Dover's Festival of Lights, scheduled for 6 p.m. Tuesday, Dec. 1, means the Christmas season has begun in Dover. Originally scheduled for Monday, the event was postponed due to rain.
This year’s Festival of Lights, the customary opening of the holiday season in the city of Dover, will feature many traditional favorites as well as serving as the start of some new events downtown.
The event begins, regardless of the weather, at 6 p.m. Tuesday, Dec. 1, on The Plaza in front of City Hall. The highlight will be the actual lighting of the city’s Christmas tree by Mayor Carleton E. Carey Sr.
The annual celebration — now going its third decade — is co-sponsored by the city’s Department of Parks and Recreation and the Downtown Dover Partnership.
“The partnership is looking at this celebration as the kickoff of the holiday season for downtown Dover,” said Gigi Windley, emcee for the Festival of Lights. “We have new events such as the Home for the Holidays, which starts Dec. 5, and the holiday parade.”
Santa Claus, who makes his inaugural Dover appearance at the Festival of Lights, also will be on hand from 1:30 to 4:30 p.m. Dec. 5 to hear children’s Christmas wishes at the corner of Bradford and Loockerman streets, Windley said.
But while lighting up the city’s Christmas tree really gets the holiday season started downtown, it wasn’t always such a big event.
“I can remember when it was just one tree, and now we’ve got all kinds lit up,” said Parks and Recreation Director Zachery Carter, who has worked for the city for almost 21 years.
Bill Cooper, superintendent of the city’s grounds division recalls a time in the 1970s when Christmas decorations were put up by the city’s electric department.
“We used to have strands of lights across Loockerman Street, reaching from building to building,” he said. “Then they did away with that and had artificial wreaths with lights hanging from the light poles.”
Some stores, including the old Dover Hardware, contributed their own displays to the Loockerman Street lights, Cooper recalled.
The big tree in front of City Hall also featured strings of large, old-fashioned bulbs, although they ran in a straight line from the tip of the tree to the perimeter of its lowest branches.
But that also changed, and all of the trees now have lights strung in random patterns throughout.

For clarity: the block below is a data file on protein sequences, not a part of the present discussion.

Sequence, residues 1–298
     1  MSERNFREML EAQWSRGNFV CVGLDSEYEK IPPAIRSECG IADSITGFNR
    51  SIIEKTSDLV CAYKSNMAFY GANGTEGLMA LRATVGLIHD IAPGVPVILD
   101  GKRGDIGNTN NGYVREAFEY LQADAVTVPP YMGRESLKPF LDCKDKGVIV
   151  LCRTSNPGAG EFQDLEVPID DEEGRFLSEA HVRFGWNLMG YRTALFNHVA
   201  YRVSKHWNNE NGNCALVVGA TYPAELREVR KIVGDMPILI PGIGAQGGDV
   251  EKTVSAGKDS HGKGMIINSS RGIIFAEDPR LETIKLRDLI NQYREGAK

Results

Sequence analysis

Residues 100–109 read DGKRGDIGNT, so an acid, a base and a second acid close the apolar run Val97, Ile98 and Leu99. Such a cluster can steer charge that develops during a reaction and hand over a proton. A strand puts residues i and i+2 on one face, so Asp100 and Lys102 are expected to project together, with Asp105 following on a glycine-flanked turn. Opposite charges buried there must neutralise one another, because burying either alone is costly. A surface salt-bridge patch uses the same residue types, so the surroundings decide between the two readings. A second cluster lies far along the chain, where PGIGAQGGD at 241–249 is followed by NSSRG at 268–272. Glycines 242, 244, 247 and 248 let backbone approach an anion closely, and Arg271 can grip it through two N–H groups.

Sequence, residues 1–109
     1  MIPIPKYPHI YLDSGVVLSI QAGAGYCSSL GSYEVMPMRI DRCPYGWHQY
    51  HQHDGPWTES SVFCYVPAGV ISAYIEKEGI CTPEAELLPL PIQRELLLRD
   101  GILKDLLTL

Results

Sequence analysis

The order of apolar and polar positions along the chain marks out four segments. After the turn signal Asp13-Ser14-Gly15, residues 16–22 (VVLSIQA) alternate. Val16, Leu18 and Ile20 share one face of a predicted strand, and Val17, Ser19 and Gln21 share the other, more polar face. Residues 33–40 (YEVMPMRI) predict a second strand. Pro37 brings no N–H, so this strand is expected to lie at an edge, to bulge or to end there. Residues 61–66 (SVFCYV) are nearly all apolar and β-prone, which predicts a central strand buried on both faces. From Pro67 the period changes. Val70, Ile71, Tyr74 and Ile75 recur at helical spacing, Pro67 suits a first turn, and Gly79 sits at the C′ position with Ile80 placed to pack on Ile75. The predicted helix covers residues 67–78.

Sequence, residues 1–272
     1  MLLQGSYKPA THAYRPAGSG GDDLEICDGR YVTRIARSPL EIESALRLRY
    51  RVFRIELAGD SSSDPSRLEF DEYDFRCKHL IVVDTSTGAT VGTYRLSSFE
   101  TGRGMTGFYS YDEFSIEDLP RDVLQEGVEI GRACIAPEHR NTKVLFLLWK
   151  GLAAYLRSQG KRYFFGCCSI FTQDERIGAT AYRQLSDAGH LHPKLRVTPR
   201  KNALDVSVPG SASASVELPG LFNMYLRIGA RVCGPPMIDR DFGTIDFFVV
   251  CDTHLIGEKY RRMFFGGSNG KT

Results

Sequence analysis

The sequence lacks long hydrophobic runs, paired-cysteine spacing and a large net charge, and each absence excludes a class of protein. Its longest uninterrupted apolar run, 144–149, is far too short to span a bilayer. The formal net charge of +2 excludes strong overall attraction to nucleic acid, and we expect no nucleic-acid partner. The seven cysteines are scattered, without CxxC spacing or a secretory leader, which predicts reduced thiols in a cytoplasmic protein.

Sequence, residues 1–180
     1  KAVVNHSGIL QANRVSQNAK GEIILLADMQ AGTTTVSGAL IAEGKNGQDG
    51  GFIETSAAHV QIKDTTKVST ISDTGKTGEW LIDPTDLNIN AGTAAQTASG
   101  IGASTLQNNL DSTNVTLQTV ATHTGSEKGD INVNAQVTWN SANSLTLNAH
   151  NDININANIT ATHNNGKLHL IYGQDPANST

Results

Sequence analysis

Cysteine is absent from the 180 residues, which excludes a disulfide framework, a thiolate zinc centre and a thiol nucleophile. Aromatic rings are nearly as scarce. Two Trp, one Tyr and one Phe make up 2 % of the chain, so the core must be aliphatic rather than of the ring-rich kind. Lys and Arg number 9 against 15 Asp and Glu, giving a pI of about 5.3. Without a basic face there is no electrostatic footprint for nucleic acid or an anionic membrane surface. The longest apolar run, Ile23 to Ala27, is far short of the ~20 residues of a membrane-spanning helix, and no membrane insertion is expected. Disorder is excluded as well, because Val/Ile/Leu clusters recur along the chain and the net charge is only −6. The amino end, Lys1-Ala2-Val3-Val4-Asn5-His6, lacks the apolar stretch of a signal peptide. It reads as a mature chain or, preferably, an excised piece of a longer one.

This year, the trunk of the big tree is enveloped in blue lights, while white lights glow among the branches.
The lights also have changed over the years, Cooper said. The larger bulbs have given way to smaller LEDs, which although they’re more expensive than bulbs, last years longer.
An enjoyable task
Putting on the Festival of Lights involves the efforts of more than a few city employees and begins early on the day of the celebration. The work is coordinated between Cooper’s grounds department, which prepares the trees and strings the lights, and Carter’s recreation personnel, who do everything from setting up the stage and bleachers to ensuring Santa Claus has enough candy canes to hand out to waiting children.
Grounds workers start several days beforehand inspecting the wires — many are left in the trees year-round so they don’t have to be put up every year — and replacing defective or burned-out bulbs. Cooper estimates the city uses more than 30,000 bulbs, strung along more than 5.6 miles of wire, to light The Plaza and the rest of downtown.
Recreation department workers start early on the day of the festival by collecting bleachers from city various parks. At about 4 p.m. Dover Police close down the road in front of City Hall so the bleachers and stage can be assembled and sound equipment set up. Boxes also will be set up in front of the stage to collect donations of canned goods for the needy.
Carter’s crews must have all preparations finished by the festival’s 6 p.m. start time, and then must reverse the process when it’s all over.
Cooper said his grounds maintenance personnel look forward to their yearly work on the lights.
“They take it seriously, and they like doing it,” he said. “They like being part of something people take so much pleasure in.”
“This is the state capital, and we should have the nicest Christmas lights in the community,” Cooper said.
Grounds maintenance specialist Alicia Rabenold-Connelly always looks forward to getting the Christmas lights ready for their annual unveiling.
“We can sit back and watch the people come out and look and point at the lights,” she said. “To see all the kids’ faces light up, and some of the adults, too, it’s just magical.”
That’s also the reward Connelly’s co-worker, Robert “Rocky” Hoeflich, feels when his job is complete.
I enjoy it because my grandkids come out and see it,” he said, “and Santa Claus, too.”
IF YOU GO:
What Festival of Lights
When 6 p.m. Monday, Nov. 30
Where The Plaza, in front of Dover City Hall
Admission All events are free
Featured performers at the Festival of Lights
The Little School at Kids Cottage
The Wesley Pre-School and Kindergarten
Delaware State University’s Laboratory School
The Dover High School Select Ensemble
The Dance Conservatory
Email Jeff Brown at email@example.com.